Third sheriff’s deputy to patrol Eagle Co. schools
Vail, CO Colorado
EAGLE COUNTY ” There will be a slightly larger police presence in Eagle County schools.
The school district is adding one more law enforcement officer ” a position called a school resource officer ” to patrol hallways.
There are already two officers assigned to the district, one who watches over schools on the east end of the valley, and the other on the west. The new officer would focus mainly on midvalley schools like Berry Creek Middle School, Edwards Elementary and Red Canyon High School, said Mike Gass, director of secondary education.
Their first job is to become trusted faces, people kids know they can go to with their problems. The officers patrol the hallways as they would patrol a neighborhood, watching for trouble, listening to complaints and developing relationships with students.
“Many kids think if they’re talking to an officer, they’re getting in trouble for something, but it shouldn’t be like that,” said Shannon Cordingly, spokeswoman for the Sheriff’s Office. “This is a way, though, for them to interact with the kids in a more positive manner.”
Resource officers investigate cases involving school property, like theft or vandalism, or any case where a student might be a victim or a suspect. Drugs and alcohol are common problems at school, and whenever students are caught or suspected of substance abuse, school resource officers get involved.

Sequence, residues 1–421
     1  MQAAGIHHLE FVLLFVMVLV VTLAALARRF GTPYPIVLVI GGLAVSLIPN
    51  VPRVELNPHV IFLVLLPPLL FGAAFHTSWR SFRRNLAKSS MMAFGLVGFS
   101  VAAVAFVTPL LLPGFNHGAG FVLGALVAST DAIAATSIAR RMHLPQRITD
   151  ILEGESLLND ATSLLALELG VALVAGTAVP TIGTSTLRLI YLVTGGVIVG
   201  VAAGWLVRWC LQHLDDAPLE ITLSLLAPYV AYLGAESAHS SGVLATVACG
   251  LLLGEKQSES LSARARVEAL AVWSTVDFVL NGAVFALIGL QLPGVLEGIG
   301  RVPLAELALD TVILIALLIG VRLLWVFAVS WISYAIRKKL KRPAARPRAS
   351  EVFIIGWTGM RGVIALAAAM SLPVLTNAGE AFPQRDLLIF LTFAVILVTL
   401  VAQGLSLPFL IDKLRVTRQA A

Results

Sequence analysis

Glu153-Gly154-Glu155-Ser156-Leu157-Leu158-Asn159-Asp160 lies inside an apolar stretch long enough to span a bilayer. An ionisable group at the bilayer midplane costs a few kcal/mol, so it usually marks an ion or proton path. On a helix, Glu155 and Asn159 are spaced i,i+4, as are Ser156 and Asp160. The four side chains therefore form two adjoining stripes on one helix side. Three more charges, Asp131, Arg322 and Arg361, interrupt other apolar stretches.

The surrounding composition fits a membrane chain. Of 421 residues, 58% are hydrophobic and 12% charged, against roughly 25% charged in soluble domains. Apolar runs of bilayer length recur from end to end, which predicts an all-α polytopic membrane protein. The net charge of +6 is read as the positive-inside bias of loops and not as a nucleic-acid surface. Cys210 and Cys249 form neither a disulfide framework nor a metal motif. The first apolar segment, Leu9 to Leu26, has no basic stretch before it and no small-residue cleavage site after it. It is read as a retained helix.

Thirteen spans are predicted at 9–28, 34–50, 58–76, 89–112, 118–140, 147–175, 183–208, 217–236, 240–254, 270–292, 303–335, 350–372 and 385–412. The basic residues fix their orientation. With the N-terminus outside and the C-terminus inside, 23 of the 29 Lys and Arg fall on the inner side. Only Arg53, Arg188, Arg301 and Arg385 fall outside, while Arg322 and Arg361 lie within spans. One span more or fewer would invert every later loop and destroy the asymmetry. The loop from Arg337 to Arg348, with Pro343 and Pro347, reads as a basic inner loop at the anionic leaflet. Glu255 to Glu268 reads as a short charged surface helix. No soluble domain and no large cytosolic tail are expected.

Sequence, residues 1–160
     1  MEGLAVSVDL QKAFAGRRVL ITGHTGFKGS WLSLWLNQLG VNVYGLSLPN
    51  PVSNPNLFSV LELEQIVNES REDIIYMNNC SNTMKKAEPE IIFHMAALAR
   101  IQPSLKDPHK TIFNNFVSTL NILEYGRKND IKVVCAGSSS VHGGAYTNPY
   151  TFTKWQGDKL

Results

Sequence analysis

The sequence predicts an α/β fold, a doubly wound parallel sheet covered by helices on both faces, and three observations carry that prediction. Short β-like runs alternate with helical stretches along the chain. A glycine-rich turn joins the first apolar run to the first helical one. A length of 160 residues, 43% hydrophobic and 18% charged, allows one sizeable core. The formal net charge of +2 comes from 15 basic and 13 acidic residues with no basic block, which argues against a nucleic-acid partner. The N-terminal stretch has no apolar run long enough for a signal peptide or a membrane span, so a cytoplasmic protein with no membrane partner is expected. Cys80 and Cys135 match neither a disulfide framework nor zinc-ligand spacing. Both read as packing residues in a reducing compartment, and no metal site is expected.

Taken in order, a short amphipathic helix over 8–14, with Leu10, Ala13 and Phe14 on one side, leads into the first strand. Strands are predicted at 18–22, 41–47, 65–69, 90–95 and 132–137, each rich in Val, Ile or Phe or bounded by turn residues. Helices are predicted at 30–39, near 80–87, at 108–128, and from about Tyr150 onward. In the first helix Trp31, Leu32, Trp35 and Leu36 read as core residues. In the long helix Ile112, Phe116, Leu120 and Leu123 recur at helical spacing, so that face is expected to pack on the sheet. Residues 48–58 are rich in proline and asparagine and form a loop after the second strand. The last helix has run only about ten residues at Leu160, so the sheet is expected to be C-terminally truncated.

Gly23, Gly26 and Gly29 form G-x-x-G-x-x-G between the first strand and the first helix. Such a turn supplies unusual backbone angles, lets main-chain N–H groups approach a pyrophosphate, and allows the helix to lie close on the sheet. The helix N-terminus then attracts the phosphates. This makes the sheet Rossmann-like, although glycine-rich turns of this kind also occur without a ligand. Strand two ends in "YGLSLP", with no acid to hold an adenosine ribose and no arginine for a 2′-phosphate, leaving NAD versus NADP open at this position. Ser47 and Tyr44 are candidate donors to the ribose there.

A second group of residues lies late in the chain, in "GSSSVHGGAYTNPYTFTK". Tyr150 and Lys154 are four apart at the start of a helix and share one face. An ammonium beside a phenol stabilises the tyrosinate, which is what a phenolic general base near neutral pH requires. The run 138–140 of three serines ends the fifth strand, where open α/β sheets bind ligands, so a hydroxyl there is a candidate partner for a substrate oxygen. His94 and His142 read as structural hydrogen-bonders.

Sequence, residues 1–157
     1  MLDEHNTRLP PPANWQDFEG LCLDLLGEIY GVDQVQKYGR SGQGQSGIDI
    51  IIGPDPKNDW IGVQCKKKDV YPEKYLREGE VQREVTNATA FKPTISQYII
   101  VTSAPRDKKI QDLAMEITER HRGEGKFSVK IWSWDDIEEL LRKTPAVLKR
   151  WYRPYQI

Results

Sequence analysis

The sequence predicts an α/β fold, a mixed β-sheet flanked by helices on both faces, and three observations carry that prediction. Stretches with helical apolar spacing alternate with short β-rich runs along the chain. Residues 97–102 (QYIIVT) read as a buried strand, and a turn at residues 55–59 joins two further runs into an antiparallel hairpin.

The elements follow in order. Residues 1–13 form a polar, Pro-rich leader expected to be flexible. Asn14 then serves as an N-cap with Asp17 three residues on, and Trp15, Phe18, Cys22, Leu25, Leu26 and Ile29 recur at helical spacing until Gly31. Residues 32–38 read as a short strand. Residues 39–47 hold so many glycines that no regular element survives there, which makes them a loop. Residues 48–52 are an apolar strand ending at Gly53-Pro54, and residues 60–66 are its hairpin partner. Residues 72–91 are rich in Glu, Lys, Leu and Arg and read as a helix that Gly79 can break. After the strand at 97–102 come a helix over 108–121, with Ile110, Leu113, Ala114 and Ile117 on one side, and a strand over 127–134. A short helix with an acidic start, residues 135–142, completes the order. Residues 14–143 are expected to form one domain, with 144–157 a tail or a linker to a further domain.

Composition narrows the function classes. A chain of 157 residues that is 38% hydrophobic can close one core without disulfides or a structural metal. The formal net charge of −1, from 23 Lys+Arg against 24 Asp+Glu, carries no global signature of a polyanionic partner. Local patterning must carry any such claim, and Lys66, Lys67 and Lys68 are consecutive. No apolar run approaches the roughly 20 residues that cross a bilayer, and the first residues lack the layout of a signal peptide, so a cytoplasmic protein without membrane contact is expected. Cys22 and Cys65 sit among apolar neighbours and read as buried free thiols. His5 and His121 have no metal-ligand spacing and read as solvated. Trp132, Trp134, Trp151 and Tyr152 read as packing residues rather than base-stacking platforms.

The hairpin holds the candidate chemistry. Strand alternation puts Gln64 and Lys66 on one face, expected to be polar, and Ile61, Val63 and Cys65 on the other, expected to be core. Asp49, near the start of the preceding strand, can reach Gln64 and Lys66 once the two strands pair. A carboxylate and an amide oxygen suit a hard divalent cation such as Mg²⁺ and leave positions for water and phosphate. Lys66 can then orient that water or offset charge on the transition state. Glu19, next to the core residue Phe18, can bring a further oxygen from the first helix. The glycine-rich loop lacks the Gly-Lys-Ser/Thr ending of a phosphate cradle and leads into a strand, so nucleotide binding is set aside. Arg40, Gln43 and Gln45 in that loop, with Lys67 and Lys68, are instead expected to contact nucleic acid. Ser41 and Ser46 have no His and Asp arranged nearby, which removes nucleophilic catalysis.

The officers also are there to counsel students and answer questions. They’ve even been known to be substitute teachers and give lessons on substance abuse in class.
Having a third officer would allow each of the officers to spend more time in each of the schools, Cordingly said. The two officers now stay pretty busy and are always on-the-go.
Now, they’ll be able to focus more on teachings kids about drugs, alcohol and bullying, Cordingly said.
The sheriff’s office believes having these officers patrolling the schools is a strong crime deterrent, which is especially important when you think about student safety and that always lingering possibility of school violence.
“They know to be on their toes, that they’re being watched,” Cordingly said.
The school district is splitting the cost of the school resource officer with the county.
Staff Writer Matt Terrell can be reached at 748-2955 or firstname.lastname@example.org.